[1] Of course, the Hebrew roll was not divided into chapters; they are but given for facility of reference. [2] "God," in the original, is "Elohim," a _plural_ word.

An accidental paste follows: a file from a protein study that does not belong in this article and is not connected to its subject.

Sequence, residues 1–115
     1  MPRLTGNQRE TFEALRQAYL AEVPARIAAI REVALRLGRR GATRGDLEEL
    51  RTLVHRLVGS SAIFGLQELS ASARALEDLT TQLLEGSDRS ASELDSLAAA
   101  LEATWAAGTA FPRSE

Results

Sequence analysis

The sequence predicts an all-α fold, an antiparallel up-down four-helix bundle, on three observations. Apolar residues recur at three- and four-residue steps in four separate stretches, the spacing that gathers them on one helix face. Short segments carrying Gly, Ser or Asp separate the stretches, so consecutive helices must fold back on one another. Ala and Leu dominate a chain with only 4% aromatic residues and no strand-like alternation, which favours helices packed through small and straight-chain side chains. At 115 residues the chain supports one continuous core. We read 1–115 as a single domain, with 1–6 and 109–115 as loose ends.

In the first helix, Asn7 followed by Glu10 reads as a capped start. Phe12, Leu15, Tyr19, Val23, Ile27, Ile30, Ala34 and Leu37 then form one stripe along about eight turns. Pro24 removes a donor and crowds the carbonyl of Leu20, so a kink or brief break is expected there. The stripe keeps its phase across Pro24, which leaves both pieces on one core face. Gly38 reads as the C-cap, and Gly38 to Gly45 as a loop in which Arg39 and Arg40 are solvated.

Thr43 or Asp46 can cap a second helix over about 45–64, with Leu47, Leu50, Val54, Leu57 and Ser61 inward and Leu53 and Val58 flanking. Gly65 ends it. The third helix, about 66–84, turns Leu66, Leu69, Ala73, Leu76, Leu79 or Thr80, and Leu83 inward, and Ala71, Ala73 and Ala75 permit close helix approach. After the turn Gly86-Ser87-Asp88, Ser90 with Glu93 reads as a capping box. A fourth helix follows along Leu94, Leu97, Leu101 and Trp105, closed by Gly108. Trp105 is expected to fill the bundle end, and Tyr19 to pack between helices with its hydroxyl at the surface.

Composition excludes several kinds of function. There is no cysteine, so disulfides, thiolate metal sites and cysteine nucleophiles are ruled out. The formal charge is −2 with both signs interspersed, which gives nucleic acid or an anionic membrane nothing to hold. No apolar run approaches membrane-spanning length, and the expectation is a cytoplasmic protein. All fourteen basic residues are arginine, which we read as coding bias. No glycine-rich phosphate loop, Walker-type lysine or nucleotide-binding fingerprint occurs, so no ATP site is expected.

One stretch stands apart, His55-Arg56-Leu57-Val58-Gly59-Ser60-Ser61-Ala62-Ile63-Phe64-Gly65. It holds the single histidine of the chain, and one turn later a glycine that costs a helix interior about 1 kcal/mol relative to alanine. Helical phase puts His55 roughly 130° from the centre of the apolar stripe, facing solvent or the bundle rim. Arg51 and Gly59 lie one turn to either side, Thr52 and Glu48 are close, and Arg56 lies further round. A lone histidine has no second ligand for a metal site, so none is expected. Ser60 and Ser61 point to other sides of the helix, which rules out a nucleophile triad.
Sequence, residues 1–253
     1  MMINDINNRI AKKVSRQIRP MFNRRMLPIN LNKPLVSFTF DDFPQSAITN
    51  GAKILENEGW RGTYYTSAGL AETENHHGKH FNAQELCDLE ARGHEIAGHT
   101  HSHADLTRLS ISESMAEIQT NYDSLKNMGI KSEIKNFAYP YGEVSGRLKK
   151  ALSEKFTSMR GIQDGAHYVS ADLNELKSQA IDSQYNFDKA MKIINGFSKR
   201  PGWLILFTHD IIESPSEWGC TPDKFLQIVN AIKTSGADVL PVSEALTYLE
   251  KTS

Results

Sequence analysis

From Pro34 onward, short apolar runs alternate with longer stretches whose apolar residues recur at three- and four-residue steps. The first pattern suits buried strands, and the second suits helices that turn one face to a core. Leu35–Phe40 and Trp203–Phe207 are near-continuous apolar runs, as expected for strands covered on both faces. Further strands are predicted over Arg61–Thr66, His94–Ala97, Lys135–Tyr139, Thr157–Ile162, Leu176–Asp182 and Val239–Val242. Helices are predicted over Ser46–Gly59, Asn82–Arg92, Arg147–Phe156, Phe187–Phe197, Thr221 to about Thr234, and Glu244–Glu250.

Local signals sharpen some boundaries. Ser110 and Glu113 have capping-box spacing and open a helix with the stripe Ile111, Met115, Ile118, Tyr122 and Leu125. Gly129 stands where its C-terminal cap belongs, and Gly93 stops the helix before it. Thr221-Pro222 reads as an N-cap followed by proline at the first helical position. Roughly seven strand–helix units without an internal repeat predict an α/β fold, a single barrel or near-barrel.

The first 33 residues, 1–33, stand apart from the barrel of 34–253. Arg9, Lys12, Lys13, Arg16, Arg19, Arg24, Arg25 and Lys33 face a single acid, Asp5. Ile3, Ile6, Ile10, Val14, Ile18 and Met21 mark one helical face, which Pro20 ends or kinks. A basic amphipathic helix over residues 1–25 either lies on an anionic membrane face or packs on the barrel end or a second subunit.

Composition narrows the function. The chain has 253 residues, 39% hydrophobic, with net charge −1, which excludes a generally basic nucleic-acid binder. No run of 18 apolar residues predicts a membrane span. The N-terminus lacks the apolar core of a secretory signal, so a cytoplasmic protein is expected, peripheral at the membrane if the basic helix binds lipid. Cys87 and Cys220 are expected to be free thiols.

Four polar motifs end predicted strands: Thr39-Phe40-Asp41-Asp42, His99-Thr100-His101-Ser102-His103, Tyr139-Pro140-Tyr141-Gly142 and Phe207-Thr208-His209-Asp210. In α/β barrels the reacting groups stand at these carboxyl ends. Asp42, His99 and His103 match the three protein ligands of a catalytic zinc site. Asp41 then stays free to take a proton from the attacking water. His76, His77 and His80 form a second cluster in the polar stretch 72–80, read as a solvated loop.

CHAPTER XII. TRIALS OF THE HEART. For the first time in the course of her life, Zarah dreaded a meeting with Hadassah. Though the season was now so far advanced that the heat of the sun was great, the maiden lingered on the shadeless housetop, leaning her brow against the parapet, listlessly gazing towards Jerusalem, but with her mind scarcely taking in the objects upon which her eyes were fixed. Was it a foreboding of coming sorrow, or a feeling of self-reproach, that brooded over the maiden's soul? Zarah was afraid to analyze her own feelings: she only knew that her heart was very heavy. Nearly two hours thus passed. The sun had now approached the horizon, and the heat was less oppressive. Zarah heard the slow step of Hadassah ascending the stair, and rose to meet her, but with a sensation of fear. The remembrance of that look of sad displeasure, such as had never been turned upon her before, had haunted the mind of the conscious girl. Was Hadassah angry with her daughter? Would she come to probe a heart which had never from childhood kept a secret from one so tenderly loved? Zarah was afraid to raise her eyes to Hadassah's when they met, lest she should encounter that stern look again; but never had the aged lady's face worn an expression of greater tenderness than it did when, on the housetop, she rejoined the child of her love. "Have you been here in the heat of the sun, my dove, letting the fierce rays beat on your unveiled face?" said Hadassah, after printing a kiss on the maiden's brow. "Nay, I must chide you, my Zarah. Seat yourself where yon tall palm now throws its shadow, and I will sit beside you. We will talk of the glorious tidings which Abishai brought to us to-day." It was a great relief to Zarah to hear that such was to be the subject of the coming conversation. She glanced timidly up into the face of